Hurricane Florence poses a severe threat to the Southeast, including coastal and low-lying regions of the Carolinas. As the storm makes landfall, the Edison Electric Institute is working overtime to coordinate 40,000 utility workers who will help to restore power.
Hurricane Florence is taking direct aim at the Southeast, bringing with it the risk of prolonged and extreme flooding, wind damage, and storm surge to several states, including the Carolinas, where the storm is expected to make landfall early Friday.
Whenever a storm of this magnitude threatens the United States, it’s “go-time” for the Edison Electric Institute, says EEI President Tom Kuhn. EEI represents U.S. investor-owned electric companies nationwide, and this week, it has been working overtime to mobilize 40,000 utility workers that stand ready to restore power.
“We have member companies from 17 different states responding to Hurricane Florence,” Kuhn says. “We’ve prepositioned our utility crews to make a quick and coordinated response.”
Part of that disaster planning and response is being driven by a CEO-led Electricity Subsector Coordinating Council (ESCC) [PDF] that ensures unified communications between industry and government officials.
“Constant situational awareness and communication are key,” Kuhn says. “We’re talking to federal and state authorities, monitoring news reports, and tracking real-time data to adjust our plan.”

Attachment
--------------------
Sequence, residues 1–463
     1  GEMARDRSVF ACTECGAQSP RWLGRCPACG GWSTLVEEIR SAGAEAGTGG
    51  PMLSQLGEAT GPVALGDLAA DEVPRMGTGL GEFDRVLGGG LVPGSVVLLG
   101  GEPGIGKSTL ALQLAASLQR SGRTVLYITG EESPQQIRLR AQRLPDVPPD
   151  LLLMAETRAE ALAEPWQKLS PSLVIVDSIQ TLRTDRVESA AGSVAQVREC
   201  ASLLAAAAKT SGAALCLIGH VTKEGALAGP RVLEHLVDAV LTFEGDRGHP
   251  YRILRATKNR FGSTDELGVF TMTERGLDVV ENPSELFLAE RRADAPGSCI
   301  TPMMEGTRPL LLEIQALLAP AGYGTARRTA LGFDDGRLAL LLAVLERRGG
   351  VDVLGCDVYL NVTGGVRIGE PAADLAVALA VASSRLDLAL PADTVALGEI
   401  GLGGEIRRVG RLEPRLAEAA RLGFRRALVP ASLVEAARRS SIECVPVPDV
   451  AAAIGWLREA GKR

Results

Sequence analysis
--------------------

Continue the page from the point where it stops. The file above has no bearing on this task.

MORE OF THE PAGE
All of this work is coordinated from EEI’s headquarters in Washington, DC, where a large conference room serves as a temporary command center. On Thursday, that room was filled with about a dozen EEI staff—operations, communications, and disaster-response specialists who will work an almost around-the-clock schedule during the storm and its aftermath.
This weekend, EEI staff will continue to track Florence’s progress and prepare for the widespread movement of utility workers. The approach was first used during Superstorm Sandy in 2012.
“At this point, we’re pretty much a well-oiled machine,” says Scott Aaronson, EEI’s vice president of security and preparedness. “Right up and until Florence’s impact, there will be a lot of positioning to get crews exactly where they need to be.”
Then, utility workers will safely hunker down and wait out the worst. “After that, it’s the business of turning wrenches and restringing wire,” Aaronson says.